The bootlock mechanism came off some kind of Nissan (it was all I could get at the time with the format I wanted) and mounted using spacers to get it in the right position. The original fitment must have had a stepped panel or similar.
It works well, but looks a bit....er.....adapted, so I thought I'd better attack it with grinder and electric glue and see if I could do better:
Now uses one small spacer and will hopefully look more 'factory' when it's in place.
Headliner (headline news - get it?).
Now I know a lot of people will be saying "Headliner in a race car. WTF?" but I want it to be nice.
Remember the gassers of the 60's? Diamond pleated seats, door cards, headliners, everything!
So I started with a headliner from some kind of Mitsubishi, and cut it down (by a lot less than you'd think) to mimic what would have been the shape of the original fabric roof.
And then covered in the chosen shade of shiny blue vinyl:
This will be bonded to the roof, and a padded 'apron' around the edge, filling the gap down to the frames.
Doing this now is not as random as you'd think. The headlining and roof support have to be in place before the body goes back on the chassis as there just isn't the room to squeeze it in over the rollcage.
For the heading to this post I was going to go with 'Project 'Reaper - In Colour!' as an homage to those Binky boys.
But as white is arguably not a colour I toyed with 'It'll be all white on the night'.
But after the recent psuedo-religious posts I've decided on Let Us Spray!
As mentioned previously, the inside of the car has to be painted, and the headliner trimmed before it goes back on the chassis, so after a weekend blocking out primer it's all shiny now:
Getting there! Now have to finish the headlining and fit the roof support, then it's body on!
Woo, and if I may say, Hoo!
No, I'm not going to post a picture of everything I bolt to the car, but the fuel tank has particular relevance.
I bought the fuel tank before the project kicked off properly, and it was the shape of the tank which made me think "That would look really cool if the chassis crossmember followed the line of the sump." So the crossmember was the first thing I fabricated which, in turn, dictated the dimensions of the chassis.
Garage is a bit crowded so you can see reflections of the engine and the rear wiring loom.
Anyhoo.... it's bolted in place now, and relatively shiny. Might even plumb it in over the weekend!
Top tip - if you've had shiny aluminium sitting around for a while which has built up layers of grinding dust and paint dust, clean it off with Solvol Autosol applied with a rag soaked in thinners. Works very quickly!
OK, so not so much of the screws. You think of a funny title then.
Busy weekend. Worked Saturday morning, mowed the lawn, went shopping, then thought "F*@k this" and started on the car.
Rubbed out the dashboard and applied a few coats of colour (or not colour, or maybe Schrodinger's colour?). More to do but I'm really happy with the gun finish.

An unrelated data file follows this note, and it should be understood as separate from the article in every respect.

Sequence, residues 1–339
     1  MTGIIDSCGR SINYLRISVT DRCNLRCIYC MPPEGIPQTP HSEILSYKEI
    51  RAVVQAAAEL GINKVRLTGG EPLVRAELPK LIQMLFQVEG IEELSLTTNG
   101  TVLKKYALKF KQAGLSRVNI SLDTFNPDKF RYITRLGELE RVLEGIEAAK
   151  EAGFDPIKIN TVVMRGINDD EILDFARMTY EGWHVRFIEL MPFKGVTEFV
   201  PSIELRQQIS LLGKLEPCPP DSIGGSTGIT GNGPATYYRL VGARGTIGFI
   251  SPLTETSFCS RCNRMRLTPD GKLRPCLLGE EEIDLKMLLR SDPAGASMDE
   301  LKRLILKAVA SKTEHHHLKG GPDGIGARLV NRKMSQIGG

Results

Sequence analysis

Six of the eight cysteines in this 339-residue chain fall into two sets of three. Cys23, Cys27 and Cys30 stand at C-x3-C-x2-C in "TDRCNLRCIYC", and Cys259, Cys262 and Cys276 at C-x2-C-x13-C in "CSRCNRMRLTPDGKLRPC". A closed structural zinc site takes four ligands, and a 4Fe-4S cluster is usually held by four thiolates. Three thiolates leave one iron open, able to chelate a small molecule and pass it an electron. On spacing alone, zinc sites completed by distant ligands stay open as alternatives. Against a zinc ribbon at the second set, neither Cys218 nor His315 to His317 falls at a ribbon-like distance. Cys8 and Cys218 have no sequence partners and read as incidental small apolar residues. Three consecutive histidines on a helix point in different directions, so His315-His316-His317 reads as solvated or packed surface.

Then dragged the sewing machine out of semi-retirement and stitched up the roof insert insert panel, and covers for the door-bar roll cage padding:
Not overly impressed with the creases, but it still looks better than the bare black padding.
Covers are handed. Drivers side has the hole for the window net through it.
The colour of the vinyl is a perfect match to the roll cage (in certain lights!). Both have amazing flip-tones and look dark blue in some lights, purple in some lights and very light metallic blue in others.
That's better, back to the 'funny but clever' titles. IMHO.
The inlet manifold for the engine has been welded together for some time but there was an ugly bit right in your eyeline, just above the alternator.
It follows the line of the original manifold but looked....well.....Ugly.
No worries, a small tube of electric glue squeezed onto a 5mm triangular 'gusset' and .....Voila!
A far more aesthetically pleasing shape.
And whilst I was at it I glued in some -4AN fittings to supply vacuum/pressure to the BOV's and waste gates:
Let me take you back to 2019. It was a simpler time, the world was free and no-one had heard of covid.
I had just wrestled the dashboard from where it had sat since 1938:
Pretty? No. Pretty rough? Yes. But not to worry, I had an angle grinder, some old metal from a wiring conduit and a fresh tube of electric glue and I wasn't afraid to use it.
So soon I had filled the original big, ugly glovebox and added a smaller, more delicate glovebox/fusebox in a place more....well....left hand drive-ish;
Soon followed an extension forwards, and slots cut out to clear the roll-cage:
Then gauge holes in the right place and a glovebox door:
And give-or-take some primer here and there, that was the way it sat for another year.
Then I had the brilliant idea to weld in a cubby-hole for the boost controller:
But soon got rid of that, and all of the unused holes in the dash:
Then followed some filling and priming in the age of Covidicus (New Testament), and last week I got all painty and spray-y:
Yesterday was a day free from the confines of work, so I went to the spray booth (read 'garage with the doors shut') and got wayward with some more 'Gasser Grey' paint on the dial bezels so that they all match.
As an aside, remember the dials? They came with the car and were destined for the scrap bin until I discovered that they actually work!
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